The attitudes of teachers regarding giftedness affect the gifted child at both the micro and macro levels of interaction and interrelation, impacting not only upon the gifted child, but their whānau and the wider learning community (Adams & Pierce, 2004; Speirs Neumeister, Adams, Pierce, Cassady, & Dixon, 2007). For example, the giftedness of a Māori child affects the whole family; successes are shared, but so are failures (Macfarlane, Webber, Cookson-Cox, & McRae, 2012). Research into the best attributes for teachers of gifted children assert that a compassionate and positive perception of the child’s giftedness can enhance gifted children’s development of trust in their teachers and thus promote feelings of well-being (David, 2011).
Margrain, Lee, and Farquhar (2013) support professional development for all early childhood teachers in Aotearoa/New Zealand around promoting an understanding of how to identify and support young gifted learners. They concluded that “it is neither valid nor equitable to rely on ad hoc experience to provide understanding of gifted education” (p. 11). Without this understanding from their teachers, gifted children in the early years will be negatively affected.
Understanding the characteristics of gifted children: Using learning dispositions to construct an image of the ‘confident and competent’ gifted child
While giftedness can be expressed in diverse ways and a hegemonic view of the behaviour of gifted children should not be considered (Gur, 2011), common characteristics of giftedness identified through empirical research can aid identification and understanding of the actions of a gifted child (Allan, 2001; Elhoweris, 2008; Silverman, 2014). Knowledge of the characteristics and learning dispositions that are exhibited by many gifted children can enable teachers to contest negative dominant images of giftedness, and develop an appreciation of the intensities that can often be experienced by the gifted child.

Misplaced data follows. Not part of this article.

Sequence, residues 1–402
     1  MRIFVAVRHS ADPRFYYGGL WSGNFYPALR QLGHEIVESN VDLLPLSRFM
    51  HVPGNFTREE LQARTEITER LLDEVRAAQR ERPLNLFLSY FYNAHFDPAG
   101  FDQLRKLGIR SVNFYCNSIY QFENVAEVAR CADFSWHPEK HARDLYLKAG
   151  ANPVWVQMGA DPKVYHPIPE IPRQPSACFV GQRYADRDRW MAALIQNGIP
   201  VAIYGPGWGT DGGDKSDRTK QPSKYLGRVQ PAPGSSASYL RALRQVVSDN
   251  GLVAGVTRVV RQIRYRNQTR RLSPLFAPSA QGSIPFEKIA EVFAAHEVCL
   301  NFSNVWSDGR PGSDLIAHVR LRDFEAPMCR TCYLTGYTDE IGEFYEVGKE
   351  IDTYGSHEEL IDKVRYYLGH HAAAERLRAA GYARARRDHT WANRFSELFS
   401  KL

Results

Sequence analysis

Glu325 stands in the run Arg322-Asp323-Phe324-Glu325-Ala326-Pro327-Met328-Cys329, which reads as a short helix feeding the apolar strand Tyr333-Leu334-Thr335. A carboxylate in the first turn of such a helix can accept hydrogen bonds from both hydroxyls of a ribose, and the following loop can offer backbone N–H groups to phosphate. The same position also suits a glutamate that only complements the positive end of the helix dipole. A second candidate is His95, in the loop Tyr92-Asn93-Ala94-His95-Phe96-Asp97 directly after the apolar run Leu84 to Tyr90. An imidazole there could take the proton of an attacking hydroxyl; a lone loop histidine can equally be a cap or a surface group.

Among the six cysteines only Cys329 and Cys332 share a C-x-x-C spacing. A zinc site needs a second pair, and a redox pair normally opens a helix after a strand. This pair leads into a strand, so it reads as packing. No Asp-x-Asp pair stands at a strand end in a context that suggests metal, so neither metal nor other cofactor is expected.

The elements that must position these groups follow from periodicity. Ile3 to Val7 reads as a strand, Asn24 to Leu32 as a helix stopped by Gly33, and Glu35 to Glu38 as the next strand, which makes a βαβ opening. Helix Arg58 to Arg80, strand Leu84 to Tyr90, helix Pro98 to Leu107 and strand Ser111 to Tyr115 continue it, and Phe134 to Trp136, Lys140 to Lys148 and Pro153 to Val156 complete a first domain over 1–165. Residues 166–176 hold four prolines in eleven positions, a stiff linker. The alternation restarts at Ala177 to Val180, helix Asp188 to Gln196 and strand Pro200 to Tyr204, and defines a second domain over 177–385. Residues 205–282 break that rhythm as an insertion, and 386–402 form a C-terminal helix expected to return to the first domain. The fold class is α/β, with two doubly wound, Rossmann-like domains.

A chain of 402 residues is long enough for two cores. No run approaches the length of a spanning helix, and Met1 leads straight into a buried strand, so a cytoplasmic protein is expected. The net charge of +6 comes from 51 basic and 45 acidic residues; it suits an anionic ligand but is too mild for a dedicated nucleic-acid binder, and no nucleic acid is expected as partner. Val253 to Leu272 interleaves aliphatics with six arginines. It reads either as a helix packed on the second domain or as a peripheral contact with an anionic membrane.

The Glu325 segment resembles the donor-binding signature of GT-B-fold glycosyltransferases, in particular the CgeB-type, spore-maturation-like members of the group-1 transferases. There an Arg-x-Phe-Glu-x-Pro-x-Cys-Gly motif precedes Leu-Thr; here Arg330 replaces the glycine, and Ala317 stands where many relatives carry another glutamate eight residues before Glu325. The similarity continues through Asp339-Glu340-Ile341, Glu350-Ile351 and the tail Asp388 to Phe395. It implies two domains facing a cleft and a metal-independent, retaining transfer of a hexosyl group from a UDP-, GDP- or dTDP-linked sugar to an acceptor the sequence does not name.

Many young gifted children demonstrate characteristics such as: a need for little sleep; frustration with others who do not understand them or cannot keep up; heightened sensitivity to the emotional responses of others; distress when unable to achieve their vision; a high sense of fairness; non-conformist behaviours; and a sense that they do not fit with other children (Breen, 2008; Silverman, 2013). As young gifted children can be keenly aware of how they fit within their environment, teachers’ actions in response to the expression of these characteristics impact upon the gifted child’s well-being. For example, young children often argue over resources but, for the gifted child, the sense of injustice they feel when their toy is taken from them can have a lasting impact. Through an understanding of the characteristics of gifted children, the emotional well-being of the gifted child can be supported by teachers’ considered pedagogical actions. A sense of trust that their emotive responses will not only be heard but validated, can enable gifted children to learn the skills to develop pro-social behaviours and negotiate age-peer relationships within the early childhood setting.